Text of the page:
Multivariable logistic regression models were fit, accounting for practice affiliation. Adjusted relative risks with 95% CIs were calculated for patient factors associated with PTBM recommendations, including sex, insurance type, comorbid condition(s), ADHD medications prescribed (stimulants, α-2 agonists, or atomoxetine), ADHD diagnosis type (disorder or symptoms), and subspecialist involvement. Patient age was not included in the models because of low variability with regard to age in our cohort, which included only children aged 4 to 5 years. Self-reported race and ethnicity data, as documented in the EHR, were not included in the model because of missing data (ie, for 27 patients [35.5%] who received a recommendation for PTBM and 42 [36.2%] who did not). A sensitivity analysis that included imputed race and ethnicity data did not change the model results (data not shown). Analyses were conducted using R software (version 3.5.2). This study followed the Strengthening the Reporting of Observational Studies in Epidemiology (STROBE) reporting guideline.
Of 22 714 children in this study, 192 (1%) had an ADHD diagnosis or ADHD symptoms. Of these patients, 141 (73%) were male, 123 (64%) were privately insured, 108 (56%) had subspecialists involved, and 32 (17%) were prescribed ADHD medications (stimulants comprised 88%) by PCPs (Table 1). The most common treatment recommendation was not PTBM but rather routine/habit modifications—including dietary modifications (eg, reduced sugar intake) and supplements (eg, ω-3 fatty acids), sleep hygiene, and limited screen time—for 79 patients (41%). Of the 192 patients, only 21 (11%) received referrals for PTBM in ADHD-related visits. Another 55 patients (29%) had mention of PCP-provided counseling on PTBM, including handouts. Of 32 patients for whom the PCP prescribed ADHD medications, 9 (28%) had PTBM recommendations documented; for 4 patients (13%), the PCP recommended PTBM before prescribing the first medication. In multivariable logistic regression models, patients with public insurance were less likely to receive a PTBM recommendation (adjusted relative risk, 0.87; 95% CI, 0.78-0.98) compared with those with private insurance (Table 2).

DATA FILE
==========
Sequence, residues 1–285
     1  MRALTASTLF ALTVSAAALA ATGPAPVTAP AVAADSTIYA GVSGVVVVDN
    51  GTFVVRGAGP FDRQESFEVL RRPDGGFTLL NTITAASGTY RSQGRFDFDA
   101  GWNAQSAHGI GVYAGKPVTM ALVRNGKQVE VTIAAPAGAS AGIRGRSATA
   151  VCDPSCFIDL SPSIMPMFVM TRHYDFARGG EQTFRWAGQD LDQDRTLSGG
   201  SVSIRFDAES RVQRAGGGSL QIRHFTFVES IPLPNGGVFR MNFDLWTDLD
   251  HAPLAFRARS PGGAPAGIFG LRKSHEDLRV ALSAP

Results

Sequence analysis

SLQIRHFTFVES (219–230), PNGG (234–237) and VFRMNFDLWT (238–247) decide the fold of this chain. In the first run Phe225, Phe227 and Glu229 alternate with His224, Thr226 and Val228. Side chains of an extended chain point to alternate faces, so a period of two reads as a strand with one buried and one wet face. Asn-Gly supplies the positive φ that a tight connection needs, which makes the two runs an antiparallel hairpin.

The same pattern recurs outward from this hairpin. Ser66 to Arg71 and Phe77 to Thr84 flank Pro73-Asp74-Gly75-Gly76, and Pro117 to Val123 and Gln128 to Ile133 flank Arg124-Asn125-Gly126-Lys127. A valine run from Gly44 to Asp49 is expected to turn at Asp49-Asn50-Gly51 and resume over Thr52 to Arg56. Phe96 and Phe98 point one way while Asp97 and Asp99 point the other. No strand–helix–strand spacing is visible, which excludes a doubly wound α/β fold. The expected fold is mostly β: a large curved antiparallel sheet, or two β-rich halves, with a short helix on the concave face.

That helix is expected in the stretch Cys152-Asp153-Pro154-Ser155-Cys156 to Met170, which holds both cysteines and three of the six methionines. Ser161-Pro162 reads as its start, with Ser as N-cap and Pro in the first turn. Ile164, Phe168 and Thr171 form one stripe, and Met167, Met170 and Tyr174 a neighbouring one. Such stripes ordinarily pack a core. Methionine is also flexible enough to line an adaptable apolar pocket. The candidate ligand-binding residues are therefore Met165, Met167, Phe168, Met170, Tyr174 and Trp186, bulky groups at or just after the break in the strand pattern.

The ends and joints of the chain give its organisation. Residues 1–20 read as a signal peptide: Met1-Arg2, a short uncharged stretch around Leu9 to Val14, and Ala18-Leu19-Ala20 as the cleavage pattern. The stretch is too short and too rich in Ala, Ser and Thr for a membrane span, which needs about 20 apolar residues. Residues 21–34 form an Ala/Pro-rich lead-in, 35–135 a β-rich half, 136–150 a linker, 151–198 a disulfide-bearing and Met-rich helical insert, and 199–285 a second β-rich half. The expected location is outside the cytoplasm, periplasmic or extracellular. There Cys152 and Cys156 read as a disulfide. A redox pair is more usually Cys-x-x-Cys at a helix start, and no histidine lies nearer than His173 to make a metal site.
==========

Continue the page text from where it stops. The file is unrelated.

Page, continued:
The results of this cohort study suggest that within a large community-based health care network, most preschool-aged children with PCP-diagnosed ADHD or ADHD symptoms were not offered first-line, evidence-based behavioral treatment. Rates of PTBM recommendation were especially low among publicly insured patients, underscoring the need to identify barriers that drive disparities in recommended treatments. These objective data on PCP practices complement previous survey-based and claims-based studies reporting that about half of young children with ADHD received behavioral treatment.5,6